FIG. 3 is a bottom plan view of the preferred embodiment.

FIG. 4 is a back plan view of the preferred embodiment.

FIG. 5 is a longitudinal sectional side elevation view of the preferred embodiment.

FIG. 6 is a longitudinal sectional front elevation view of the preferred embodiment taken along line 6--6 of FIG. 5.

FIG. 7 is a bottom plan view of an alternate embodiment.

FIG. 8 is a back plan view of another alternate embodiment.

FIG. 9 is a longitudinal sectional side elevation view of an alternate embodiment.

FIG. 10 is a longitudinal sectional front elevation view of an alternate embodiment taken along line 10--10 of FIG. 9.

Before explaining the disclosed embodiments of the present invention in detail, it is to be understood that the invention is not limited in its application to the details of the particular arrangement shown, since the invention is capable of other embodiments. Also, the terminology used herein is for the purpose of description and not of limitation.

DESCRIPTION OF THE PREFERRED EMBODIMENT

FIG. 1 is a perspective view of the preferred embodiment. The shot caddy 1000 has a cylindrical housing 1 and a cover 2 removably mounted to the top 1001 of the cylindrical housing 1. Hopper 14 is attached to the inner surface 15 of cylindrical housing 1. Hopper 14 is installed at a pre-determined elevation above the bottom of cylindrical housing 1. Hole 16 in the bottom of hopper 14 is covered by slide valve housing 5. Contained within slide valve housing 5 is slide valve body 6 having finger hole 60. Connected to the side of slide valve housing 5 in alignment with hole 16 is spout 7. Access to spout 7 is afforded by lateral opening 3 of cylindrical housing 1.

FIG. 2 shows cover 2 installed on cylindrical housing 1. The slide valve body 6 is shown in its orientation in lateral opening 3. Key 4 is attached to the outer surface of cylindrical housing 1. Wall 200 supports receiver 201 which removably supports key 4.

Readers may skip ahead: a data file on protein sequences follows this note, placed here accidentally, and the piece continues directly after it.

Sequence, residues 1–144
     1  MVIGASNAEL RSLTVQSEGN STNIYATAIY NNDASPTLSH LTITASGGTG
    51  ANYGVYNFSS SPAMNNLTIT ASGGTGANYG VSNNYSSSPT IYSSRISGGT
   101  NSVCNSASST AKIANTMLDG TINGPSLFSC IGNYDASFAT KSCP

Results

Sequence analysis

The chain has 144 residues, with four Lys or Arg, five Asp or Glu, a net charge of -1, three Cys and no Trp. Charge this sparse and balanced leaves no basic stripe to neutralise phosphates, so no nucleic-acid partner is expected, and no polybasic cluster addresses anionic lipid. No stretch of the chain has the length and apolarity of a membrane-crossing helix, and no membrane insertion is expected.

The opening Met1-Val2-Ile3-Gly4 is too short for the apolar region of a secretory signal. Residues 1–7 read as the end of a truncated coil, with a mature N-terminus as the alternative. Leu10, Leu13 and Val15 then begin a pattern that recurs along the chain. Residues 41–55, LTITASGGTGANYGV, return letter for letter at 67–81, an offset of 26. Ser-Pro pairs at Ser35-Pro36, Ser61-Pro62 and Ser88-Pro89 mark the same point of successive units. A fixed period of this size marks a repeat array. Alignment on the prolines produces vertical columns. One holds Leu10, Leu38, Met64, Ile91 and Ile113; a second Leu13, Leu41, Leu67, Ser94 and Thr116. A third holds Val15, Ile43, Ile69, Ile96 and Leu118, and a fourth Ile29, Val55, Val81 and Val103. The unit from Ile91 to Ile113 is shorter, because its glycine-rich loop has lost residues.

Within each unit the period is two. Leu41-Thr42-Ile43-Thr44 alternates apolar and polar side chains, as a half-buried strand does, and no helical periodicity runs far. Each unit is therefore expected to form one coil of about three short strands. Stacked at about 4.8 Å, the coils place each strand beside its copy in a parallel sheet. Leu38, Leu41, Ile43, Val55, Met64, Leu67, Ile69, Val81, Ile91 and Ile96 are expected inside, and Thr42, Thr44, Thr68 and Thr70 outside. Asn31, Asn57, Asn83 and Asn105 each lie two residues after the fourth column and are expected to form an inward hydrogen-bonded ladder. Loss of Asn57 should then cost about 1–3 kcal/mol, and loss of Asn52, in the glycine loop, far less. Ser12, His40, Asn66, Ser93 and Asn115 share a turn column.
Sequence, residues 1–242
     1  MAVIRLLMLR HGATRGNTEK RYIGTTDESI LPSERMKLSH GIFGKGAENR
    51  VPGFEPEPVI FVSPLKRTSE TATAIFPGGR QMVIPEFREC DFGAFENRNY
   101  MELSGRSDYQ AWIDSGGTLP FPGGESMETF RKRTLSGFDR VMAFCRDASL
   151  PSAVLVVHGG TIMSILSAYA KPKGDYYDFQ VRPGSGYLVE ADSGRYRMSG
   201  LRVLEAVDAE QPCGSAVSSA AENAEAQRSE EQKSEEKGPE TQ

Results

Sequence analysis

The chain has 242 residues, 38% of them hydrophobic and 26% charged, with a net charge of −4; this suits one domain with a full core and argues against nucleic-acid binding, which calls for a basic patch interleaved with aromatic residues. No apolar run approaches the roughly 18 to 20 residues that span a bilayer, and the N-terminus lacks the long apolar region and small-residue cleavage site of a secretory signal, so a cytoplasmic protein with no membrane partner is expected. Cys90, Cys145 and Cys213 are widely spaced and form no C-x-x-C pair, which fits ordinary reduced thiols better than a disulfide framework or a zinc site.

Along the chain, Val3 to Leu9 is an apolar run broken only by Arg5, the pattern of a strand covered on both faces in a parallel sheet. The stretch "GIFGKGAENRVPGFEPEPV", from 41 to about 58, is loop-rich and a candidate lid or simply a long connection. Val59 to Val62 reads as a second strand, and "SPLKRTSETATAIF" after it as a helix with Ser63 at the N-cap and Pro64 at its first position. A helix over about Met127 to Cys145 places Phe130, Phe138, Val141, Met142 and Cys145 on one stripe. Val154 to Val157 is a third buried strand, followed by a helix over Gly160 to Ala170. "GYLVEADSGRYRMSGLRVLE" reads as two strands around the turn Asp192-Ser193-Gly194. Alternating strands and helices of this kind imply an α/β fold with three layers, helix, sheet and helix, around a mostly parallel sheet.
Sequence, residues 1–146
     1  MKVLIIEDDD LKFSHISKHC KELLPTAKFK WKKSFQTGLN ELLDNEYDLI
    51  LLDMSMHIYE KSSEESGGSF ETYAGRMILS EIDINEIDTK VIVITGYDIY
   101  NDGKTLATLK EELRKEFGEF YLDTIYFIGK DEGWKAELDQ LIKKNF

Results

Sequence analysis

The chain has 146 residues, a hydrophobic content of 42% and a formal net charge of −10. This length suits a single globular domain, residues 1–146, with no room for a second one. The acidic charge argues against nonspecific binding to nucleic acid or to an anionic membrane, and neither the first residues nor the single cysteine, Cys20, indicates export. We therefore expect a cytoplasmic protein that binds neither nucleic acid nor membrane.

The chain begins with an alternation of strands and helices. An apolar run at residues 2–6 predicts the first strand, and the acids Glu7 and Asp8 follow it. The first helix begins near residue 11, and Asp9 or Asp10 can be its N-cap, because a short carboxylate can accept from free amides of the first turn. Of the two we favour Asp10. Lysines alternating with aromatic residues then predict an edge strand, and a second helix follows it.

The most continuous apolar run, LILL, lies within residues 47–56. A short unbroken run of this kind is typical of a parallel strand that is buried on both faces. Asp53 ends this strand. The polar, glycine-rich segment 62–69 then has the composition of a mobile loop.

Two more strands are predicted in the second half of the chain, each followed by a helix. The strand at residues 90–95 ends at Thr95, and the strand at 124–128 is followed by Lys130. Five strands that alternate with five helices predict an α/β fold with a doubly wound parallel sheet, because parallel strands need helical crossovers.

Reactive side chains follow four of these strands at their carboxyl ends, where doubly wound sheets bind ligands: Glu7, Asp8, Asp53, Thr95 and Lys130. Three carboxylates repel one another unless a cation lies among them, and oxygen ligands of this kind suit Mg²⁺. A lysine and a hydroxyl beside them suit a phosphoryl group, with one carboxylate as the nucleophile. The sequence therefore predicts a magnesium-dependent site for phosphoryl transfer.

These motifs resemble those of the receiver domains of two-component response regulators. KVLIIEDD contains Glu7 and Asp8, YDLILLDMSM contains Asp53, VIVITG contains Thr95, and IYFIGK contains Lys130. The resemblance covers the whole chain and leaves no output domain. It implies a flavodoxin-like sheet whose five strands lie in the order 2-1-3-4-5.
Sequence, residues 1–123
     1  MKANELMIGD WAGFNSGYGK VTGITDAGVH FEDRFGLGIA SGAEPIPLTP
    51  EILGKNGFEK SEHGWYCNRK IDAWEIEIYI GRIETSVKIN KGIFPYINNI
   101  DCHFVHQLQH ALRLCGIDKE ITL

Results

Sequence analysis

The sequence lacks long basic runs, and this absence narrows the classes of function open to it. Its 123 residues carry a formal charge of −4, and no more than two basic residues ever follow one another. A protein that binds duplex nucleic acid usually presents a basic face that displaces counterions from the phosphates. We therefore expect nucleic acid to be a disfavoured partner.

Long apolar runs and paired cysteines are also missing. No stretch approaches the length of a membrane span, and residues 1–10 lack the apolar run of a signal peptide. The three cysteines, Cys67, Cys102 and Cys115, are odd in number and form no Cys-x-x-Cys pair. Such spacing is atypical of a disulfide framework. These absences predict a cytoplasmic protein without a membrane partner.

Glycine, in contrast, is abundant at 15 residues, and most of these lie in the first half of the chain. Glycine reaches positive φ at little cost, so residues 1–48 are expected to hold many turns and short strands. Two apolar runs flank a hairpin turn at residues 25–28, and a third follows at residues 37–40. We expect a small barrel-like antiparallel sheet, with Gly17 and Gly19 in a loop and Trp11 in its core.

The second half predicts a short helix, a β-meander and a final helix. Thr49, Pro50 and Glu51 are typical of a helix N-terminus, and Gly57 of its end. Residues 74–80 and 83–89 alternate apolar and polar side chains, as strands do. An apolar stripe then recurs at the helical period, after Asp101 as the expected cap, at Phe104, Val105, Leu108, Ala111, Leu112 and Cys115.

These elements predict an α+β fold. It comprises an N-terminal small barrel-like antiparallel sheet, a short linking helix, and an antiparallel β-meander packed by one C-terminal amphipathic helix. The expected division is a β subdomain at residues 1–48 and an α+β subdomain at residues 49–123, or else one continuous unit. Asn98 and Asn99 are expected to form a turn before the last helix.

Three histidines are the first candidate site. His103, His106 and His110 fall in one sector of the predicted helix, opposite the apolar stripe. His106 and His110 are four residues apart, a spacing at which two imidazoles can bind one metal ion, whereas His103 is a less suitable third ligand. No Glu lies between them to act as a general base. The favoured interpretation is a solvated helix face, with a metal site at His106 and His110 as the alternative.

FIG. 3 depicts key 4 mounted to cylindrical housing 1. Slide valve housing 5 mounts around slide valve body 6 via screws 8. Spout 7 is connected to slide valve housing 5.

FIG. 4 is a back plan view of the preferred embodiment. Key 4 is mounted to cylindrical housing 1. Cover 2 is installed on cylindrical housing 1. Receiver 201 removeably supports key 4.

FIG. 5 shows hopper 14 attached to inner surface 15. Attached to hopper 14 above hole 16 is baffle 9.

FIG. 6 shows baffle 9 attached to hopper 14.

FIG. 7 is a bottom plan view of an alternate embodiment, shot caddy 1010. Cuff 11 engages slide valve housing 5 in a position below hole 16. Slide valve body 6 is contained within slide valve housing 5 by cuff 11.

FIG. 8 is a back plan view of another alternate embodiment. Key 10 is mounted to cylindrical housing 1. Cover 2 is installed on cylindrical housing 1. Receiver 202 removably supports key 10. Receiver 202 is mounted to a wall (not shown).

FIG. 9 is a longitudinal sectional side elevation view of the alternate embodiment 1010. Baffle 12 is attached to hopper 14 immediately above hole 16.

FIG. 10 is a longitudinal sectional front elevation view of the alternate embodiment 1010. Baffle 12 is attached to hopper 14 immediately above hole 16.

The shot caddy is filled with shot by the user by removing cover 2 and closing slide valve body 6. The shot (not shown) is poured into the cylindrical housing 1 until full. To remove shot from the shot caddy, slide valve body 6 is retracted to open hole 16. The shot then flows from the shot caddy into a receptacle or container of the user's choosing.

Although the present invention has been described with reference to preferred embodiments, numerous modifications and variations can be made and still the result will come within the scope of the invention. No limitation with respect to the specific embodiments disclosed herein is intended or should be inferred.

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Referenced by
Citing PatentFiling datePublication dateApplicantTitle
US6540115 *Nov 19, 2001Apr 1, 2003Mituteru WatanabeSeasoning container
US7261268Jun 15, 2004Aug 28, 2007S.C. Johnson & Son, Inc.Wall mountable holder for a container
Classifications
U.S. Classification86/45, 222/462, 222/184, 86/31, 222/561, 222/181.3, 86/20.1
International ClassificationF42B39/00
Cooperative ClassificationF42B39/002
European ClassificationF42B39/00B
Legal Events
DateCodeEventDescription
Aug 5, 2008FPExpired due to failure to pay maintenance fee
Effective date: 20080613
Jun 13, 2008LAPSLapse for failure to pay maintenance fees
Dec 24, 2007REMIMaintenance fee reminder mailed
Dec 10, 2003FPAYFee payment
Year of fee payment: 4